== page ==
Conservation is a rapidly evolving field. New threats constantly emerge that can undermine our efforts, while new technologies are developed that can be used in our work.
For the conservation movement to be effective, we need to learn from what we do well, and share this learning widely – not just within organisations, but with local agencies and the wider conservation movement. The onus is on us to collaborate, learn and share as effectively as we can, and take heed not only of our successes but also our failures.
We consciously learn from our work in a wide variety of formal and informal ways, ranging from post hoc discussions of progress and informal presentations to formal annual impact reporting and thematic working groups known as communities of practice.
Analysing and reporting on lessons learned
Each year, reports from every project are analysed as we compile our annual conservation report, which captures lessons learned by all staff involved. However, more importantly, as a small and nimble organisation with effective communications infrastructure in place and regular face-to-face meetings, much of our learning is translated in a relatively dynamic and personal way.
We capture internal learning in an annual learning report, but also produce a range of externally focused reports and briefings on particular projects or issues. Where appropriate we also publish findings from our projects in peer-reviewed journals, or help our partners to do this. Additionally, we promote wider sharing of ideas across the conservation community through our flagship scientific publication, Oryx – The International Journal of Conservation.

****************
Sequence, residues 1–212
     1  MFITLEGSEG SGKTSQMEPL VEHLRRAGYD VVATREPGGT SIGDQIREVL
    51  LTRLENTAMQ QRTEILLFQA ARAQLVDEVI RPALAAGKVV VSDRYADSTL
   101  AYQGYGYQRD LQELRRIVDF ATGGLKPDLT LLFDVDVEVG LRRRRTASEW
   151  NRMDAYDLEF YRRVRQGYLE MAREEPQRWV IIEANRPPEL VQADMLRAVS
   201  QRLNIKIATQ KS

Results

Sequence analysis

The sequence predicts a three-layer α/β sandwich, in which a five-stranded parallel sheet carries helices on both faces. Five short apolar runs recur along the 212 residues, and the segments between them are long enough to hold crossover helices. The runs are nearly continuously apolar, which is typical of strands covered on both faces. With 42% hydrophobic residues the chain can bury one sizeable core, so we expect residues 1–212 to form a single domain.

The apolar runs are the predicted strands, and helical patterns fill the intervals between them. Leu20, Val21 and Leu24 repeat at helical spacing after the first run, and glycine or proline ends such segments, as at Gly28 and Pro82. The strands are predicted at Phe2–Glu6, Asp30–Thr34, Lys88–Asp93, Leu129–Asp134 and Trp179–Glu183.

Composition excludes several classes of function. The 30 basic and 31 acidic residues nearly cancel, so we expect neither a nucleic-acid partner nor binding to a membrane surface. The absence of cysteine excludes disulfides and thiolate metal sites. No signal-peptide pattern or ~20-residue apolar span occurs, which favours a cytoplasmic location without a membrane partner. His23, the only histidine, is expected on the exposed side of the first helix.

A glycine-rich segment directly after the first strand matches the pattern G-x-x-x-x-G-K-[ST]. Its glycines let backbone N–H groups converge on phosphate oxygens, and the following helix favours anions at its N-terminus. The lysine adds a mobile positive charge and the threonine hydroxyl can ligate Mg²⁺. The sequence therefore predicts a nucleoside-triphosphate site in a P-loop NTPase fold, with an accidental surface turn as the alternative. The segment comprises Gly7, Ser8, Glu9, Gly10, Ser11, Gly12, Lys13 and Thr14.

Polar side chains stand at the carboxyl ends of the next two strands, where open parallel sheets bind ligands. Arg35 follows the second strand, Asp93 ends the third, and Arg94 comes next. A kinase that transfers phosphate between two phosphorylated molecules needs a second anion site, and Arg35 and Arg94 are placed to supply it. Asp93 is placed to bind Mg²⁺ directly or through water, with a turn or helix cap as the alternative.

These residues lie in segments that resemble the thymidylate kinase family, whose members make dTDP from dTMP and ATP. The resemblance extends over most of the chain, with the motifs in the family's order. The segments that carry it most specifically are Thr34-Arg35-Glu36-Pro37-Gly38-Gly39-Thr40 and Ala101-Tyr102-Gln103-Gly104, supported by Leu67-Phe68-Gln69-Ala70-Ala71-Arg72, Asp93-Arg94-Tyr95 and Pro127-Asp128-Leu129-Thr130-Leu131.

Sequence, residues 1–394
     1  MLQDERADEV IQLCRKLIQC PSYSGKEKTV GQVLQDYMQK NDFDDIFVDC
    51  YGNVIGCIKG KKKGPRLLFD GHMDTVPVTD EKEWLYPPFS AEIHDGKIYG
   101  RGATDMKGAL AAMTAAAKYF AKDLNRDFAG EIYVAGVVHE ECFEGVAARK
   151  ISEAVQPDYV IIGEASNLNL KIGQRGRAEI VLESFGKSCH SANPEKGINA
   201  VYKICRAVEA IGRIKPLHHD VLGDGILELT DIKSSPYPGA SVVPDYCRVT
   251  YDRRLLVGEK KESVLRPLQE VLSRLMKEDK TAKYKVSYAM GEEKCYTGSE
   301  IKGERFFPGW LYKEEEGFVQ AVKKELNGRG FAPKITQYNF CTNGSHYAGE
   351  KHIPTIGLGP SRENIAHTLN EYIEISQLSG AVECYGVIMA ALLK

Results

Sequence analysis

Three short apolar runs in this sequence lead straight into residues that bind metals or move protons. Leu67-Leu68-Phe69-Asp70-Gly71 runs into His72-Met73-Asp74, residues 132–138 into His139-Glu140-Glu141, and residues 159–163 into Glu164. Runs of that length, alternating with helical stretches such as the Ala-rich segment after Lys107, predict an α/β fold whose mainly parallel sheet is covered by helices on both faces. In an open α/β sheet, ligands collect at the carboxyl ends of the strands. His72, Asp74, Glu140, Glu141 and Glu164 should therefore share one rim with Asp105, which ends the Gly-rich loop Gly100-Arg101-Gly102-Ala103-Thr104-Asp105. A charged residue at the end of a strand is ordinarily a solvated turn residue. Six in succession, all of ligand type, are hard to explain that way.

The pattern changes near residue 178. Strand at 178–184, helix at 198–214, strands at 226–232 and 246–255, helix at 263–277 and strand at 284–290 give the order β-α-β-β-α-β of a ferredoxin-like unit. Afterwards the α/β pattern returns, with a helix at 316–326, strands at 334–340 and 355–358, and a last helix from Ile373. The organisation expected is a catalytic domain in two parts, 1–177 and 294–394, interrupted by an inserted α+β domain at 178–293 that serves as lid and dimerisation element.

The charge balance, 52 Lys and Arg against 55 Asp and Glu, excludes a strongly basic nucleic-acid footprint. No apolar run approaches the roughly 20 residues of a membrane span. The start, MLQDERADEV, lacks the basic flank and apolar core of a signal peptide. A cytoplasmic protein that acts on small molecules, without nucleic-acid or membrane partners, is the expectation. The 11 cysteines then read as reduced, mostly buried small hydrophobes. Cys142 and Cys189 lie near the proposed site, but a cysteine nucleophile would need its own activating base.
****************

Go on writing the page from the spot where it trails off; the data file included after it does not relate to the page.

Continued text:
Collaborating to exchange knowledge
Fauna & Flora works with a wide network of in-country partners, across a diverse and dynamic set of projects. This provides a fertile environment from which to better understand how conservation works.
Collaboration is at the heart of Fauna & Flora’s operations, and this provides a key means for us to share ideas, disseminate lessons learned and in turn learn from others. We are active in external communities of practice on key themes in which we engage and are involved in developing wider position papers and manuals. We regularly take part in meetings, symposia and conferences to share our ideas.
Some of the most important and valued parts of our learning and dissemination come through our interaction with individual in-country partners and global coalitions. Working together on projects in the field allows for joint learning, and while we learn something from each partnership, we are in the lucky position to then be able to share these lessons with other partners, enabling effective cross-pollination between projects, countries and continents.